Later this year, Peter Bromley will celebrate his 40th anniversary as a Volgren employee. In that time, he’s seen a lot and witnessed the company change dramatically.

Peter came to Volgren as a first-class body maker – a professional vehicle manufacturer – and worked on VG06, the sixth bus ever made by Volgren. Since then he’s been involved with just about every element of a Volgren bus, spending the majority of his time in accident repairs.

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“[Early on] Fred Spillar, who set the work ethic for Volgren, got me involved in fitting air conditioners and smash repairs out of the main shop before we moved to bigger premises. I’m very lucky I’ve been in smashes [most of] my life here. I’ve worked on hundreds of them,” Peter says.

Why lucky? Peter says the repair shop always gets “the big jobs” and there’s “a great variety of work that comes down”, which means that over four decades no two days have ever been the same for him.

He admits, though, that he’s seen his fair share of buses in bad shape after serious collisions.

“Years ago I could spend two months on a job,” Peter remembers. “Now it’s changed a lot.”

He says CO-BOLT, the aluminium assembly system created by Volgren’s Swiss manufacturing partner HESS, has altered the way buses are constructed and repaired. Prior to its inception “everything was welded”.

“Because [of that], the whole bus had to be bogged up. There were a lot of hours spent sanding a bus down. These days there’s not a bit of bog on the bus.”

Despite this, repairing a vehicle is still intricate and involved work and while a job no longer lasts months, Peter says one thing that hasn’t changed over the decades is that generally only one person works on a repair. He or she may get assistance throughout a project, but it’s mostly a solitary job.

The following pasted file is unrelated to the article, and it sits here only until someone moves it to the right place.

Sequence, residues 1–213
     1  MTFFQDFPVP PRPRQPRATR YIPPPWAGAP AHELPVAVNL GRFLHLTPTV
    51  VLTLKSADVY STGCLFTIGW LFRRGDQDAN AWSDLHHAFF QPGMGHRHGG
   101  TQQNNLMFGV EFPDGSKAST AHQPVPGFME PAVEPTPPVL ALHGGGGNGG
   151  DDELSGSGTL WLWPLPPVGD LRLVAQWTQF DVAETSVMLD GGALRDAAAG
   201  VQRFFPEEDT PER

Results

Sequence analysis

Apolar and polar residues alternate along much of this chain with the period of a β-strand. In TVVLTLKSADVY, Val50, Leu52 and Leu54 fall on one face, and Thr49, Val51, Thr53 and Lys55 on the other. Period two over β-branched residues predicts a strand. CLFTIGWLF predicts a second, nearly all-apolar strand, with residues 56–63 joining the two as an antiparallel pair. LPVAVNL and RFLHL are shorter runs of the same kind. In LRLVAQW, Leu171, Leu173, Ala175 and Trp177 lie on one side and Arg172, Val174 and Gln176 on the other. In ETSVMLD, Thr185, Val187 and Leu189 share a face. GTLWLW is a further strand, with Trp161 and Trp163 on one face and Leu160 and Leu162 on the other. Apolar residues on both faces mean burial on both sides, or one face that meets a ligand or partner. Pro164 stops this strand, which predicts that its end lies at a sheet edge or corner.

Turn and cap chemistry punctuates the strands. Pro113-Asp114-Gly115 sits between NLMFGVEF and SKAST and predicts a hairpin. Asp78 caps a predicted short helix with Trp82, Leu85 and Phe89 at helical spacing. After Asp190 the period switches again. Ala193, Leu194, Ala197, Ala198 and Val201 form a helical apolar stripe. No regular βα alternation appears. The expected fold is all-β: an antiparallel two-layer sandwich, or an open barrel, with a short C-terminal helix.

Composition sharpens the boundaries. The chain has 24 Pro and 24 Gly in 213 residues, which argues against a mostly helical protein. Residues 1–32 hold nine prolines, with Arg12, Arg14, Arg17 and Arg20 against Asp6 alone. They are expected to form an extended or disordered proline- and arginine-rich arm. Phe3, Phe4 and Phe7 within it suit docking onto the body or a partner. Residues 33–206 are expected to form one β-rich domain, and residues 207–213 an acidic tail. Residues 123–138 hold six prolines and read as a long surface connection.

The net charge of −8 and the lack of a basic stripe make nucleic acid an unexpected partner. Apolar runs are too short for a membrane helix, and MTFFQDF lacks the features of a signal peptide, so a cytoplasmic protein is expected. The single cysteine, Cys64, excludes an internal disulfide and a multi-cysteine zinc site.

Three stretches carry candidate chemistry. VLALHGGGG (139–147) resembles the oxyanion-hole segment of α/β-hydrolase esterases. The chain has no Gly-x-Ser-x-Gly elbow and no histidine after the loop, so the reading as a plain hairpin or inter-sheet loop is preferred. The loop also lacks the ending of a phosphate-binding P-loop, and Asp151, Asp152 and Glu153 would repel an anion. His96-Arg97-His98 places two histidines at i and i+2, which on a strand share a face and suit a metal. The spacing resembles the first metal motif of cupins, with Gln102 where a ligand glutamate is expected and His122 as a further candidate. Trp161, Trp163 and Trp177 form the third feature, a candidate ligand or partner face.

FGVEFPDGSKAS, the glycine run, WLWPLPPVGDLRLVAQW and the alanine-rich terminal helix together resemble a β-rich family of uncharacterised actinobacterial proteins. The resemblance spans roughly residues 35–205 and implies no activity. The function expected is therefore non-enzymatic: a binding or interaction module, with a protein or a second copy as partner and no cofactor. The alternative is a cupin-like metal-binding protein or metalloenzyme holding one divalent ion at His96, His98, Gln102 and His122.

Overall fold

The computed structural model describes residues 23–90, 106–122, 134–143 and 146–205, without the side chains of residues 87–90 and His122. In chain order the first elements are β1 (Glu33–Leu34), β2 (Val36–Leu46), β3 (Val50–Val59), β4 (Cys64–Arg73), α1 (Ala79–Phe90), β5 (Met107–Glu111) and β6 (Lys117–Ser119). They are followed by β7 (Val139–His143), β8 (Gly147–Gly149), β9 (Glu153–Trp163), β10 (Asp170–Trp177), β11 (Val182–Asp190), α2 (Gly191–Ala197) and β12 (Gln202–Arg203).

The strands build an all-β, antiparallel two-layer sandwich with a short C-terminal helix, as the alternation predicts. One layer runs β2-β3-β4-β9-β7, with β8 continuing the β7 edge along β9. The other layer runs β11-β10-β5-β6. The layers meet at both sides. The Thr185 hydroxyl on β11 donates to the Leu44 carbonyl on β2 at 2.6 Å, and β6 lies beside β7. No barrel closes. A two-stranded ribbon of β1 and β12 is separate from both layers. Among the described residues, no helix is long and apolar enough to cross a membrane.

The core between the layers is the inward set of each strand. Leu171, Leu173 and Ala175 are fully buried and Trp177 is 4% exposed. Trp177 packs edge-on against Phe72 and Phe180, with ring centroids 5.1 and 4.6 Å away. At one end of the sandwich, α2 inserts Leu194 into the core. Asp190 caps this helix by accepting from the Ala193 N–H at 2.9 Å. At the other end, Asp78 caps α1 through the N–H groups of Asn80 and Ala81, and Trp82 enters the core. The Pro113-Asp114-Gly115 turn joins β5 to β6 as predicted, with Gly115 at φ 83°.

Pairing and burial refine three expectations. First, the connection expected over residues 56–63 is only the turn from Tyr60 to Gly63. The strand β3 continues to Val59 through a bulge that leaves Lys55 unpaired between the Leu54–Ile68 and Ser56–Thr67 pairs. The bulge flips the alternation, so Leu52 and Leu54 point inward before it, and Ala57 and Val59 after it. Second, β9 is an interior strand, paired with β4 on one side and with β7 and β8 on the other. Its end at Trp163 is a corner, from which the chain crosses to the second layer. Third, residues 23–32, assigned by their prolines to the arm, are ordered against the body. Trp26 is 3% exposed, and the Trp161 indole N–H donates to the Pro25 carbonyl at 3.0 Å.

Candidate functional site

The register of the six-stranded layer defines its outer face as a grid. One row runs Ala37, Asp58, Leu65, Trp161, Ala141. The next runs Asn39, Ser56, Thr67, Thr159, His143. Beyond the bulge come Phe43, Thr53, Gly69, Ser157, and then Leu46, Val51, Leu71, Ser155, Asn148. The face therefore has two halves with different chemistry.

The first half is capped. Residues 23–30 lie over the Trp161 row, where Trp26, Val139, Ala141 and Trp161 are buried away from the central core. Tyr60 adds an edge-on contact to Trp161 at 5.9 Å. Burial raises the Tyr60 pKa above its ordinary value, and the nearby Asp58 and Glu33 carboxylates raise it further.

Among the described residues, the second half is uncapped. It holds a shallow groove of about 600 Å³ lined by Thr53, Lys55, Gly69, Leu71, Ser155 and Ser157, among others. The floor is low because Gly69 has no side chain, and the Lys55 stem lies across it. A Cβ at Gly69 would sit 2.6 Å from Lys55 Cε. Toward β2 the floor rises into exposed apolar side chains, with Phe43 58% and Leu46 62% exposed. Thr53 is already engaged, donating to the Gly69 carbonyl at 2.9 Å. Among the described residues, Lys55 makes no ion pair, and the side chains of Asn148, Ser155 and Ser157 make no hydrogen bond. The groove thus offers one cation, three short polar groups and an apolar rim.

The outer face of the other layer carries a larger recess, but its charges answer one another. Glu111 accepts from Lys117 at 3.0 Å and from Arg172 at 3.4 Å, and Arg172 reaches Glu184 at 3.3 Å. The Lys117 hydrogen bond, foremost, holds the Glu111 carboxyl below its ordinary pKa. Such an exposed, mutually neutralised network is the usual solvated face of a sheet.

It hasn’t been a solitary career, however. Peter talks of Volgren as if it’s a family. Indeed, he has family members who have worked and still work with him. His brother, John, was Peter’s boss until he left the company in 2018, but John’s sons and daughter remain at Volgren.

Peter says when he looks back at his time at Volgren he’ll remember it as a place of fun, but also as a place that gave him great professional fulfilment.

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He recalls a European vehicle manufacturer sending incomplete chassis to Australia and one of the company’s representatives showing the Volgren team how to assemble them. Several years later, word came through that a further 30 chassis would be arriving at Volgren’s Dandenong facility and, to his surprise, they would once again need to be assembled by the Australian team.

Peter and his colleagues used the knowledge and skills they’d gained previously to get the chassis ready for the Volgren bodies.

“It was fantastic seeing them drive out. My biggest thrill in this company,” Peter says.

Those buses were exported to Japan, one of the most competitive vehicle markets in the world. And Peter says he takes enormous pleasure in seeing the end result of the work he and his peers do being regarded so highly.

“There’s a lot of pride and satisfaction in what we do. They’re a quality product. Probably the best around the world. It’s pretty good to see how they all come out.”